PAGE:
IT Chapter Two is the sequel to 2017's IT Chapter One and the final installment in Warner Bros.' series directed by Andy Muschietti, yet the movie doesn't have the same glowing reviews as the first film did when it released two years ago. Based on the 1986 novel IT by Stephen King, IT Chapter One and IT Chapter Two chronicle The Losers' Club's confrontation with Pennywise the Clown, first in 1989 (as kids) and again in 2016 (as adults). But there are bigger differences than that.
With IT Chapter Two's all-star cast, consisting of James McAvoy, Jessica Chastain, Bill Hader, James Ransone, Bill Skarsgård, and more, the sequel captures the spirit of King's novel as well as the basic storyline. Of course, some changes have been made along the way, which is standard for any book-to-film adaptation. But it seems some of the creative decisions put off film critics enough for them to justify giving the sequel negative reviews - though quite a few of the reviews were also positive.
General moviegoers seem to be loving IT Chapter Two, for the most part, considering that the film currently has an Audience Score of 80% on Rotten Tomatoes. However, the average rating of IT Chapter Two reviews comes in at 6.18/10 (with a Tomatometer score of 64%). That's lower than the average rating IT Chapter One got in 2017: 7.23/10 (with a Tomatometer score of 86%). So why are the IT Chapter Two reviews not as good as the first film's? Here's what the critics had to say about the sequel:
Newsday - Rafer Guzmán
Very little of "It Chapter Two" works. The scary monsters here feel random, not symbolic — Pennywise can become anything from a human-headed spider to an enormous roadside Paul Bunyan — and they're all figments of our heroes' imaginations anyway, so where's the fear?
Observer - Oliver Jones
There is something undeniably bold and even essential about the trick that the It films are trying to pull off. They are reexamining and weaponizing the Spielbergian tropes about childhood to which we have all become accustomed in an attempt to discover the trauma that lies beneath them. But the new chapter doesn’t bring much fresh psychological shading to this process. Instead, the film bombards us with plot and monsters that pile up like toys in the attic.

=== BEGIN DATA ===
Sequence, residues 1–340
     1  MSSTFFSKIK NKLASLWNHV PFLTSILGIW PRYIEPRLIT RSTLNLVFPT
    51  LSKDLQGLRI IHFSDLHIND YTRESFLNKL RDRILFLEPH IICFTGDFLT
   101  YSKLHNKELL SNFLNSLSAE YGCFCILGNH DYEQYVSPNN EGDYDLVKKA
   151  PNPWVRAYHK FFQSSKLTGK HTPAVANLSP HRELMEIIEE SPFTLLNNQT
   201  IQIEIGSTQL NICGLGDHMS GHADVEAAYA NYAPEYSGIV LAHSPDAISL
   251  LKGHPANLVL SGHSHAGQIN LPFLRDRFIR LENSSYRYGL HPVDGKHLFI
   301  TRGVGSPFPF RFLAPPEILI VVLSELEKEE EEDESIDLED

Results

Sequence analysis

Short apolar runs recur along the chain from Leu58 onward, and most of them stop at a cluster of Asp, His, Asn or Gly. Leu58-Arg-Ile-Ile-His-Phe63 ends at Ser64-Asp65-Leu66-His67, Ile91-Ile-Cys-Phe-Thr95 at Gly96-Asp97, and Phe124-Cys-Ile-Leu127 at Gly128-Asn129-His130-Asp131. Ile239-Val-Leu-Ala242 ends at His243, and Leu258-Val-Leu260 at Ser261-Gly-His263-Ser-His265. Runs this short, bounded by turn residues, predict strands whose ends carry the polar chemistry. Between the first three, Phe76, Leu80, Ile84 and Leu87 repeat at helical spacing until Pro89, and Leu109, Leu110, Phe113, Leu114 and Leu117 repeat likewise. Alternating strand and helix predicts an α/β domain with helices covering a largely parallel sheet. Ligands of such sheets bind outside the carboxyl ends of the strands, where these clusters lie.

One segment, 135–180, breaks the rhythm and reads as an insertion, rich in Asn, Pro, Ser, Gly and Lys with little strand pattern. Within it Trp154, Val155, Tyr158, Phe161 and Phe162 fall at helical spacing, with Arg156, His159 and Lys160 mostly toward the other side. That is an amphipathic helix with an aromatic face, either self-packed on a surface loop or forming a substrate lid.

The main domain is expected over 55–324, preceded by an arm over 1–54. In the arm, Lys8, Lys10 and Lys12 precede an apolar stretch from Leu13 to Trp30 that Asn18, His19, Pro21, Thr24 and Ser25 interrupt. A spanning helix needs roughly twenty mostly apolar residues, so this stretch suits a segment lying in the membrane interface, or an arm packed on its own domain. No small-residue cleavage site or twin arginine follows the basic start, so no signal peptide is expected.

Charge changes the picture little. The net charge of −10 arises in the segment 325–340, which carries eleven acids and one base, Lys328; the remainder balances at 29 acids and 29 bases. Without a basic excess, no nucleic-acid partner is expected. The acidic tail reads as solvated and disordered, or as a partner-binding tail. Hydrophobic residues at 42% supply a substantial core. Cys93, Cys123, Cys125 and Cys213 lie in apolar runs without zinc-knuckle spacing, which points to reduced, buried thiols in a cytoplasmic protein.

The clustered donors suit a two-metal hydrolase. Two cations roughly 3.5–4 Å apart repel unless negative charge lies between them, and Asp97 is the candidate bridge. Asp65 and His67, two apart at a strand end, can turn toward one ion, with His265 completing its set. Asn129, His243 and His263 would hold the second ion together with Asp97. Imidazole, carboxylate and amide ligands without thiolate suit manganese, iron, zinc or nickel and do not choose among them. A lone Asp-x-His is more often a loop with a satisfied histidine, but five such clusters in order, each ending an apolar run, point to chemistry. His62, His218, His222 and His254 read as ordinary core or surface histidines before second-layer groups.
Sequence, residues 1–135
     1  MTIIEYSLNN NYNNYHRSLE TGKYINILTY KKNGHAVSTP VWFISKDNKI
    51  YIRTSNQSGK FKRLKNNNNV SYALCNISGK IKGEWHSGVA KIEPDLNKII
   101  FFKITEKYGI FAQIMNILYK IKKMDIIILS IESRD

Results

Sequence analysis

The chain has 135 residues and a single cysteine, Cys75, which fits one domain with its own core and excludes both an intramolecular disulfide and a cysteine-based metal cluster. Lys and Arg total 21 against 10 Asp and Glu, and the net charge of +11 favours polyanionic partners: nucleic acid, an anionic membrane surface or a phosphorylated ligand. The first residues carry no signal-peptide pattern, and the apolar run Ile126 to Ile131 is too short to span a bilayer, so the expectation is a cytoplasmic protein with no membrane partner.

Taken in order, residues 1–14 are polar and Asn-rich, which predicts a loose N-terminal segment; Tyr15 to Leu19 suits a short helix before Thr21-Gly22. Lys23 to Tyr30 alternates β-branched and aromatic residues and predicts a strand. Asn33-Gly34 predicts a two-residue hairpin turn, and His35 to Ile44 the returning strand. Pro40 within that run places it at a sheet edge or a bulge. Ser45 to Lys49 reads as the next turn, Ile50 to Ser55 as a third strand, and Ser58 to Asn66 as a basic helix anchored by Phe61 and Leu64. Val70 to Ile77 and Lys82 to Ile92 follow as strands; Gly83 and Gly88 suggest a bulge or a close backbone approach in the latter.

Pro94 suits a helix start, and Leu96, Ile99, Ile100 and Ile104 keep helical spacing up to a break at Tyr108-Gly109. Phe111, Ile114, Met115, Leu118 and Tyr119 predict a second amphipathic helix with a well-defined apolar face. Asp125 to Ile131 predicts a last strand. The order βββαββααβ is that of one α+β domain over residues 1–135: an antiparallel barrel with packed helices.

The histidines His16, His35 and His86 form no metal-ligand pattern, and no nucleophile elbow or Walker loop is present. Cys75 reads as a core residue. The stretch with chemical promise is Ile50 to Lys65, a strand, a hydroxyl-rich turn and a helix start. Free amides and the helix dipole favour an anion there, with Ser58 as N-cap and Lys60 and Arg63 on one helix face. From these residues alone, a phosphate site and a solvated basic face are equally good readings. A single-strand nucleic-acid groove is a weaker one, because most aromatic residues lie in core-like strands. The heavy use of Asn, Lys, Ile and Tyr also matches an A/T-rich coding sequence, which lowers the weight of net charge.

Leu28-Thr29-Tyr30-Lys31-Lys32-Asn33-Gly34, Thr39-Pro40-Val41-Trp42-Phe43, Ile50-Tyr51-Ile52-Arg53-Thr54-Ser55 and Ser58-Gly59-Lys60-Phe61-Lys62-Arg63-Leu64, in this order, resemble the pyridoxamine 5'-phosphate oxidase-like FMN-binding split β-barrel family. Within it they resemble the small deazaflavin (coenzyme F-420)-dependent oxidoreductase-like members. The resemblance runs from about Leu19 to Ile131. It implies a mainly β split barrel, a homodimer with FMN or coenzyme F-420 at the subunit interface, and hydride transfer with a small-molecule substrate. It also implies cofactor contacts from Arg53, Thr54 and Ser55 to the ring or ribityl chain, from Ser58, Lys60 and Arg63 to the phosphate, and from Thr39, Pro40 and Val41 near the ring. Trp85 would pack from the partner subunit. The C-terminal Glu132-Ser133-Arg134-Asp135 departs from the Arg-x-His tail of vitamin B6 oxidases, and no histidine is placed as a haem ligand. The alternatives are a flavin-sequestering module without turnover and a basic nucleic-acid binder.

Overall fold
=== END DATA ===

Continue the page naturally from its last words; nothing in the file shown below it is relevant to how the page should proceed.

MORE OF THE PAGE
Star Tribune - Chris Hewitt
Essentially, the new movie covers the second half of King’s 1,138-page doorstop, but even in biting off only half of the book, there’s too much material. “Chapter Two” languishes over two hours and 49 minutes and it feels even longer because of its structure.
Washington Post - Alan Zilberman
Monsters and giant clowns are not the only thing that make the film disturbing. “Chapter Two” opens with a violent hate crime, and adult Beverly (Jessica Chastain) deals with brutal domestic abuse. Maybe these scenes are meant to show this is a more “mature” horror film, except Muschietti does not deal with their ramifications in a sensitive or dramatically consistent way. Real trauma is given the same consideration as a literal funhouse of horrors, which cheapens what the characters and audience are put through.